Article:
by Ty Fischer, Riparian Habitat Restoration Intern
It is no secret that winters can be harsh here in Canada. Between the cold weather and the lack of sunlight, this is the time of year that many choose to stay inside and cozy up to the fire with a hot beverage and a good book. Next time you make a pot of hot chocolate, however, consider reaching for the travel mug instead! The winter season can provide you with incredible and magical opportunities to get out and connect with nature. There are lots of ways you can get outside and have fun, learn something new, and appreciate the intricacies of the natural world in a whole new way. Here are 10 ways to have fun this winter:
1. Go Stargazing
The winter months can provide some of the best stargazing opportunities of the whole year! This is due to a few key reasons. Firstly, winter is when the most iconic constellations are high in the sky and bright enough for astronomers of any skill level to pick out. Second, in most places during these months, you’re provided a few extra hours of darkness which means there is ample time for the whole family to enjoy this activity before bedtime. Finally, cold air holds less moisture than warm air, which contributes to very clear, haze-free nights. Bundle up and enjoy these starry skies!
2. Make Icy Sun Catchers
Looking for a unique way to decorate your garden, trees, your mailbox, or anything else outside? Why not make frozen sun catchers! You can freeze your favourite trinkets from nature in icy scenes and place them anywhere outside, bringing an air of festivity and joy to your property. It is easy to do and does not require any special materials to make.
3. Identify Your Local Evergreen Trees
Most coniferous trees, like pines, spruces, firs, and cedars, retain their foliage year-round. As a result, they are often the only trees in Canada with greenery throughout the winter months. This makes it the perfect time to go out and practice identifying evergreen trees! Head out on a nature walk and use our evergreen tree resource to help identify some conifers. You can use a species identification tool like Seek by iNaturalist or join a local field naturalist online group to confirm the tree species after you have had a go at identifying it.
4. Explore Frozen Waterfalls
Everyone appreciates the majesty of a waterfall, and fortunately in Canada, we have plenty of them. Waterfalls can be even more breathtaking during the winter when they look as though their flow is frozen in time. This winter, consider going on a hike, cross-country ski, or snowshoe to a waterfall near you so you can appreciate their magnificence in person. As always, be sure to prepare for your visit to the waterfall adequately. Check the weather forecast, dress warmly and bring extra layers, let someone know where you are going and when you should be back, and of course, stay a safe distance away from the waterfall when you arrive.
5. Watch a Sunset
Sunsets are beautiful during the winter! They can be much more vivid than the other months due to the low air humidity and lower particulate concentrations, and often last longer since the earth is spinning closer to the sun. This is not to mention the incredible sight of sunset colours reflecting off of white, snowy surfaces! That is why, this winter, consider spending an evening with friends or family at a good vantage point to see everything that winter sunsets have to offer. You can also take a picture of it and try to colour-match it with our colouring sheet!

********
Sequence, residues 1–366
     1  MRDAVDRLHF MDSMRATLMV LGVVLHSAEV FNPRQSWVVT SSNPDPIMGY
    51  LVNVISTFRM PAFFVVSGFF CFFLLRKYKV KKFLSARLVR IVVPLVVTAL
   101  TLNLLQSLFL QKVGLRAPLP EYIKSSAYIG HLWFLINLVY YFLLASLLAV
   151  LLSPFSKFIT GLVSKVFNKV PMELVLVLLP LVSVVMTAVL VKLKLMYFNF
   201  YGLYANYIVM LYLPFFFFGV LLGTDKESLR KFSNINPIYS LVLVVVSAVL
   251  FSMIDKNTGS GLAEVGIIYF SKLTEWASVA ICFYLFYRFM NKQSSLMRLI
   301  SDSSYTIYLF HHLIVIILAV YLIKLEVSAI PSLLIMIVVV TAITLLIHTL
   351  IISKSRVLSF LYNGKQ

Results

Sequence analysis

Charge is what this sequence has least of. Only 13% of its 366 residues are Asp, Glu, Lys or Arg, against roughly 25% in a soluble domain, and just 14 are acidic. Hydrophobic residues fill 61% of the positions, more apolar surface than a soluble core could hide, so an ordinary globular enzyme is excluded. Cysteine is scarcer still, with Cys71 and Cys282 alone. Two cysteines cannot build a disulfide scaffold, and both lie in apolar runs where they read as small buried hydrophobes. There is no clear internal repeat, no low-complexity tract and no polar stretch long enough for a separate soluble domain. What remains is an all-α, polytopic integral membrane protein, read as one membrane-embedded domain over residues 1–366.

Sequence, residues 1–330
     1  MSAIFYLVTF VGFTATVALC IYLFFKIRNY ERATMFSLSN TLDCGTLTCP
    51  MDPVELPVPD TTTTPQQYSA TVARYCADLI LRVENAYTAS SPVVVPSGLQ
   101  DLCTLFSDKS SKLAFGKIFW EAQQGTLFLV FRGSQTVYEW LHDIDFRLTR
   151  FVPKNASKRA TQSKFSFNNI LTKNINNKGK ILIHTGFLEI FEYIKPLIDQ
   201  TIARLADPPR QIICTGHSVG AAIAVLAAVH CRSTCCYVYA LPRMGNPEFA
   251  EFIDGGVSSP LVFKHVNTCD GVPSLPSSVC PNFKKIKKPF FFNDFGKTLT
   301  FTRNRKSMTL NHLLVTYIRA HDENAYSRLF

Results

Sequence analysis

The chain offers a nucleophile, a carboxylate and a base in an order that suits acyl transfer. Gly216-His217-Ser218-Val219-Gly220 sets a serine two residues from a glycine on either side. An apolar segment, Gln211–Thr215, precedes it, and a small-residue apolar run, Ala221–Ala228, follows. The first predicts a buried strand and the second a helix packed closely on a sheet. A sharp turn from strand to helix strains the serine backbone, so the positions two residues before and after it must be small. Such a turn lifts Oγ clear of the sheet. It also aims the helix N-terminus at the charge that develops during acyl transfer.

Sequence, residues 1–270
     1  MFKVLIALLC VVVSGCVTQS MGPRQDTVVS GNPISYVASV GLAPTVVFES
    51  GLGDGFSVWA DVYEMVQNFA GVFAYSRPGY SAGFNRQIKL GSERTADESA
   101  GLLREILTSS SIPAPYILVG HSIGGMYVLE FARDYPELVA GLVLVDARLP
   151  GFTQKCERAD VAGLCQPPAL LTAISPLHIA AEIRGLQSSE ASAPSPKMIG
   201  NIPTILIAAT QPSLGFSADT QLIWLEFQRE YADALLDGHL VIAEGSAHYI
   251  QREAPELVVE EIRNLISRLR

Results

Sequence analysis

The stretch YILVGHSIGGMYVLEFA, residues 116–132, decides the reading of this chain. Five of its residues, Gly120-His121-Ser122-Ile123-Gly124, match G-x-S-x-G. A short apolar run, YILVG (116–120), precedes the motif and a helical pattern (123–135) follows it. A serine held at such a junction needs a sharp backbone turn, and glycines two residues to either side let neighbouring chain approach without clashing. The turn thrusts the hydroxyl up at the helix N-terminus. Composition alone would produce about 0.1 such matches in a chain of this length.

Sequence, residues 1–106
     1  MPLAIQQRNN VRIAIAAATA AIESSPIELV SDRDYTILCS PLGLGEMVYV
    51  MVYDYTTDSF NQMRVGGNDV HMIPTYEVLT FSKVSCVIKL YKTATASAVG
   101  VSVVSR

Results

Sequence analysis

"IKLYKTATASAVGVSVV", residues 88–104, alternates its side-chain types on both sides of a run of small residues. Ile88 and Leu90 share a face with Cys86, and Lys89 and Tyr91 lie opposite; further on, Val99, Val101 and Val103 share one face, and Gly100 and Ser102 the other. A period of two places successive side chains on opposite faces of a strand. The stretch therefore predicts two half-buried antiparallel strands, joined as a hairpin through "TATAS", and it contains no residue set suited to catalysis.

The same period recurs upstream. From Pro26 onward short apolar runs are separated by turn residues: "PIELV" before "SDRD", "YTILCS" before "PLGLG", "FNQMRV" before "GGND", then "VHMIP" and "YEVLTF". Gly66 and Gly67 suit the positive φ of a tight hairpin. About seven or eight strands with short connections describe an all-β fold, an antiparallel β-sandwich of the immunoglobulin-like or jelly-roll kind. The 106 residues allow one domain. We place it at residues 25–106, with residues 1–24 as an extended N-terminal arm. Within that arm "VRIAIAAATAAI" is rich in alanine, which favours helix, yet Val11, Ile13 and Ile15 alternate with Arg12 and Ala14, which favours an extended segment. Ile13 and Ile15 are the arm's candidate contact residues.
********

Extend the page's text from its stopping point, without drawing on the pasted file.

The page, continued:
6. Make a Simmer Pot
Looking for a way to fill your home with the smell of the holidays? Make a simmer pot! Simmer pots are when you boil spices and herbs to release their aromas in the steam. A necessary ingredient for holiday simmer pots is the foliage of evergreen trees that you can forage responsibly around your property.
7. Become a Snow Flea Sleuth
Snow fleas are certainly one of Canada’s most inconspicuous and fascinating creatures. These microscopic beings can be found hopping around on the surface of the snow throughout the winter, but it will take a sharp pair of eyes to see them! See if you can spot some snow fleas on your next winter outing.
8. Watch a Pinecone Change
Did you know that pinecones change based on outside temperature? You can watch this process happen before your very eyes by trying out a fun experiment at home using pinecones that you responsibly collect from your yard.
9. Befriend a Sapling
Young trees can be weighed down by heavy snowfalls, which can break their fragile branches. This winter, consider adopting a young tree that you’ll care for over the winter. Ideally, this will be a coniferous tree – a fir, spruce, pine, or cedar – because they will still have foliage and will be weighed down a little extra by heavy snowfalls as a result. After the big dumps of snow this winter, head out to meet up with your new tree friend and brush off the snow from its branches. Record all the care you provide for your adopted tree on this handy tree adoption information sheet!
10. Make Frozen Bubbles
Making frozen bubbles is a fascinating winter activity that showcases the beauty of ice crystal formation. The best part is that you can make them using things you probably already have around the house! Use 2.5 tbsp of dish soap to make this wintery fun possible.
For more than 20 years, Watersheds Canada has been working with landowners, communities, a vast network of lake and river associations, municipalities, schools, and organizations to keep Canada’s freshwater healthy, beautiful, and available – today and for generations to come. Through shoreland plantings, fish habitat restorations, municipal policy work, student education programs, and more, Watersheds Canada is equipping communities to protect their lakes, rivers, and shorelands. You can support this critical work by making a tax-receiptable donation today: watersheds.ca/donate